MUSE LIFE: Investing as a Creative Business (Part Two)

Illustration by Laura Callaghan 

Illustration by Laura Callaghan 

Turning your creative passions into a business is no easy feat. If you have already done so, I genuinely admire you for exerting the courage to choose to invest in your creativity regularly. If you’re still considering turning your artistry into a business, I’m glad you’re here where you’re actively seeking to learn from other artists. Whether you’re new to creative entrepreneurship or an accomplished artist, adhering to the following tips can help you get the most return from your personal creative work into which you continually invest so much energy.

Know where you stand.

With free online services like Mint and FreeCreditReport.com, there’s no reason to not know your spending habits and credit score. Many people are surprised when they first use a service like Mint and realize how much they actually spend on things like food, transportation, and toiletries. The first step to getting your finances in order is knowing what they are.

Track your expenses and gains.

If you are savvy in Microsoft excel, create a spreadsheet to track your expenses and business income. If you prefer another service to track your finances for you, you can pay a monthly fee to use a service like Freshbooks to track all of your profits and expenses. You wouldn’t want to lose track of business expenses like classes, supplies, and even your Freshbooks monthly fee that can be written off as tax deductions! You can also invoice clients through Freshbooks, so all of your business finances are organized and taken care of through a single site. Having all of your business expenses organized in a single place will not only reduce headaches when it comes time to file taxes, but continually give you a clear picture of the status of your developing business.

Continuously learn.

What makes people successful in any business is continually striving to improve their business. You can take free online courses through Coursera in almost any subject. You can more learn about entrepreneurship, marketing, or even your artistic endeavor. Continuously learning will foster your growth as both a business owner and an individual.

Ask for feedback.

Criticism can sometimes feel condescending, but can be one of the most constructive tools when building a business. If you don’t have an open platform for clients to provide feedback, create one now. Feedback is critical to business development, especially when building clientele. One of the most powerful and effective ways to invest in your business is to seek feedback and then apply it.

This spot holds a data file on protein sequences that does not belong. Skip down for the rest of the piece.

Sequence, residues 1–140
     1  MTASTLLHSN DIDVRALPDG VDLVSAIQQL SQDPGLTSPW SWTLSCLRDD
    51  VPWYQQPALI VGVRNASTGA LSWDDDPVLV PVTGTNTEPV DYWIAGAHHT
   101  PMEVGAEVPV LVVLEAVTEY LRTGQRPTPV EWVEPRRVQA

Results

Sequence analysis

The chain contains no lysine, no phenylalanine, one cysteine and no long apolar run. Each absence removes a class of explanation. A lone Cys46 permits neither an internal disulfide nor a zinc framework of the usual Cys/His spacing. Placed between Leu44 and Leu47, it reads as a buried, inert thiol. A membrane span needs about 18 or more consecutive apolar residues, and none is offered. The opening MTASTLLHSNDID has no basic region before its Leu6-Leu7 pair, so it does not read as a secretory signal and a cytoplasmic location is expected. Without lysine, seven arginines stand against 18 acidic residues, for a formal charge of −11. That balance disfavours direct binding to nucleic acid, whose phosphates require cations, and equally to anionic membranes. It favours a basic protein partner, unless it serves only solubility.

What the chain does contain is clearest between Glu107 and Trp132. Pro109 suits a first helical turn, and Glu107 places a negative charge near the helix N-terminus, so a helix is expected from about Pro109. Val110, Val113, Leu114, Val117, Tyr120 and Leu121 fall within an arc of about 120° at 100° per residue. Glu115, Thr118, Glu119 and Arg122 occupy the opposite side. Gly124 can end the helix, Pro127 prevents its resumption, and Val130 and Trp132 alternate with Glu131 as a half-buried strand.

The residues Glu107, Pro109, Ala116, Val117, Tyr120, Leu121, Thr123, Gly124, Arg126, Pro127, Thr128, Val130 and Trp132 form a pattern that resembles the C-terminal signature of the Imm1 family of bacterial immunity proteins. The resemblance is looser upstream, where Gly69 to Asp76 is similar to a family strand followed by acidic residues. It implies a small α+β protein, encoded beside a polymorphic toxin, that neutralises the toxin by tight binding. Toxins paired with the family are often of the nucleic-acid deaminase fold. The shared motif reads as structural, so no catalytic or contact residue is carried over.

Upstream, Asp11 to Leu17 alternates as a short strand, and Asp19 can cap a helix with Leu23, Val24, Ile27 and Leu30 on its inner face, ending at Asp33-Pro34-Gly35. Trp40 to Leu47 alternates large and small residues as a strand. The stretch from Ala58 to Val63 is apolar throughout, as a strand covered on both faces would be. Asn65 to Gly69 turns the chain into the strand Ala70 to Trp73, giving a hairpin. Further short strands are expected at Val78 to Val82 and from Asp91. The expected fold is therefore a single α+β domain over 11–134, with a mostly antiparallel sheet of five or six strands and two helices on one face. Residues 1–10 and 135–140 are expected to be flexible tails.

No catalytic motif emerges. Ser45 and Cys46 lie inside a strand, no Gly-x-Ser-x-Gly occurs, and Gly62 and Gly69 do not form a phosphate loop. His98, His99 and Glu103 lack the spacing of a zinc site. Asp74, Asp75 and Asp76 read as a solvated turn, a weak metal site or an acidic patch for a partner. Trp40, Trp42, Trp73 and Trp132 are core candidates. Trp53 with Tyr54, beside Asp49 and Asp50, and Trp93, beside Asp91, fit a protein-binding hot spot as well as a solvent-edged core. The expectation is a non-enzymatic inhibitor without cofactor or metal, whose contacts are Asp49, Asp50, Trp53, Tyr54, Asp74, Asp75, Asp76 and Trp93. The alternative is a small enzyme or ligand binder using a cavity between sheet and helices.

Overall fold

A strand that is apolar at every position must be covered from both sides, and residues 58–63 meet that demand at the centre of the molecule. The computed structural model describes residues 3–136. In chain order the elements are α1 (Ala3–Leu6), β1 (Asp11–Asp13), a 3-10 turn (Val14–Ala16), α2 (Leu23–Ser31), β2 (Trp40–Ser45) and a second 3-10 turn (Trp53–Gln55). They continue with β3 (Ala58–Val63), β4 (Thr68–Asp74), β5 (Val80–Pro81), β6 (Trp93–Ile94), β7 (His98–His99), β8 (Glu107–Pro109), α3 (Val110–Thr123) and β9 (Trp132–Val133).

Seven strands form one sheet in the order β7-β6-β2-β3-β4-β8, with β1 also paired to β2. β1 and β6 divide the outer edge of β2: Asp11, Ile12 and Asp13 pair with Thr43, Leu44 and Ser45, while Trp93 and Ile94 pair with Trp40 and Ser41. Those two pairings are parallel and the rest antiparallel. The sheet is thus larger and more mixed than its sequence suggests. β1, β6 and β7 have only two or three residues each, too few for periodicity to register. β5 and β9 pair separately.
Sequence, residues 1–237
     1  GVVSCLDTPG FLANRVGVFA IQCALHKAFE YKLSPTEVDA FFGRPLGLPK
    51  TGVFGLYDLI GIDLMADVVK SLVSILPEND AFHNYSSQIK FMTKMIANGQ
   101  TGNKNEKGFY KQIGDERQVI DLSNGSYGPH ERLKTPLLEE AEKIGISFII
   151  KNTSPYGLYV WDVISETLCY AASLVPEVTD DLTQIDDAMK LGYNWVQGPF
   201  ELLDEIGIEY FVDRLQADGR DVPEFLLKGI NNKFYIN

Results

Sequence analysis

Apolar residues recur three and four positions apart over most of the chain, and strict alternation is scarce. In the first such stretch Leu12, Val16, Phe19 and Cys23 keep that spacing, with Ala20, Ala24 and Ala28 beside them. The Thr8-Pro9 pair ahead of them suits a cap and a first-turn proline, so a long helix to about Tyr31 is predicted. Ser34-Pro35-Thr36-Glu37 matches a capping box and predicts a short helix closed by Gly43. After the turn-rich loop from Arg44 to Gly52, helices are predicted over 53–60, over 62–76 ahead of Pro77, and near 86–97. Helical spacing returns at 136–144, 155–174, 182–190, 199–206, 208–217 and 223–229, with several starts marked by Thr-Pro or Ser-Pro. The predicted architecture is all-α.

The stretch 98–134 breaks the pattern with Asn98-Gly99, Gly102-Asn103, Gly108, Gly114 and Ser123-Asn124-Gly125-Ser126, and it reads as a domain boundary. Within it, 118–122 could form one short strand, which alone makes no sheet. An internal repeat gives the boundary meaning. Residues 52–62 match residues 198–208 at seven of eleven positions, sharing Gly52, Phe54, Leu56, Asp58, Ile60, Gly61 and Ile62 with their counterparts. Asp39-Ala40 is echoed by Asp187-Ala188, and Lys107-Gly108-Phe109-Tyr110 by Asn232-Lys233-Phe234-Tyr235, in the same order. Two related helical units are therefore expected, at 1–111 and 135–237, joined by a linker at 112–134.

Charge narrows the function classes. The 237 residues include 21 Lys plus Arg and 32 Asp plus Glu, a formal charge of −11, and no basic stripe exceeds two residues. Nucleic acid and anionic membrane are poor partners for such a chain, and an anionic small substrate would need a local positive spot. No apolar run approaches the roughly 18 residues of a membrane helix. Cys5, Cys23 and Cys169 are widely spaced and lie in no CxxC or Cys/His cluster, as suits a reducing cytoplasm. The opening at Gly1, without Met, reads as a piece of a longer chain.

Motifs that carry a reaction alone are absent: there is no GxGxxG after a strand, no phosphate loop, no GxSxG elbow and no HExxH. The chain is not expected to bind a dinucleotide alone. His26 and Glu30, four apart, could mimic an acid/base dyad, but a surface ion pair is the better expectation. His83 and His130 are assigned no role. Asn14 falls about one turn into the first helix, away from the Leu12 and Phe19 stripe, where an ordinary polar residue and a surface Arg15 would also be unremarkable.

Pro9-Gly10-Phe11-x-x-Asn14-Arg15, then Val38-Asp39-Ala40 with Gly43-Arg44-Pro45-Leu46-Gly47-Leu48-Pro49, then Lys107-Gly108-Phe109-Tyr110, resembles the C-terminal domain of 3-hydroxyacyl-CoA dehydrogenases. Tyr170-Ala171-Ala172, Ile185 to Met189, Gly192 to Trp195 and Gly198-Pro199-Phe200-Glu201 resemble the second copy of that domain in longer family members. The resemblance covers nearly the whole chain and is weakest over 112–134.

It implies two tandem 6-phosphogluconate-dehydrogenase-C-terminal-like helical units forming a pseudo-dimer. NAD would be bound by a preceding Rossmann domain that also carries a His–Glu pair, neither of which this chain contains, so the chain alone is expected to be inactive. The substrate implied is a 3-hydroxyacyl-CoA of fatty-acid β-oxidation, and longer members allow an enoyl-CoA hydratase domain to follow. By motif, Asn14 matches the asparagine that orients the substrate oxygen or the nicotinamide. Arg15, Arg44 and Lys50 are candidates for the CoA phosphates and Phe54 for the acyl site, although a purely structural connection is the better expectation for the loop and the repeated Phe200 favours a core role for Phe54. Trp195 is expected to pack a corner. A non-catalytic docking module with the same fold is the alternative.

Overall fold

Find ways to exchange services.

Seek out places that allow you to volunteer in exchange for services, especially if you live in a city. I’ve volunteered in exchange for physical necessities, like food and transportation, and spiritual necessities, such as weekly therapy. If you can’t find somewhere to volunteer, offer some of your creative services to people in exchange for their services. You may be surprised at how many people might take you up on an offer of free art in exchange for a free haircut or meal.

Always have more than one source of income.

No dollar is promised, so if you lose one job you still want to be able to pay your basic living expenses. A secondary source of income could be profiting from an innate talent or banking off of an occasional side job. Unsure of where to look? Consider becoming a TaskRabbit, driver for Uber or Lyft, tutor, or babysitter. Remember – if you’re good at something, never do it for free.

Give generously.

Giving may be counterintuitive when trying to profit, but regularly providing for others in need can remind us what is truly necessary and encourage us to live and spend intentionally. Find a reputable non-profit organization that benefits a cause in which you believe and give lovingly and regularly. Many organizations allow you to automate donations as well.

In the business of artistry, we commit countless hours to pouring our hearts and souls into our work. Thus we deserve to see prosperous returns on the passion we devote to our craft. Whether you are an amateur to art as a business or an accomplished creative, I hope you find the above guidelines useful in further developing your creativity as a business. I wish you all much success!

Read more from Lyndsey with Investing for the Independent Creative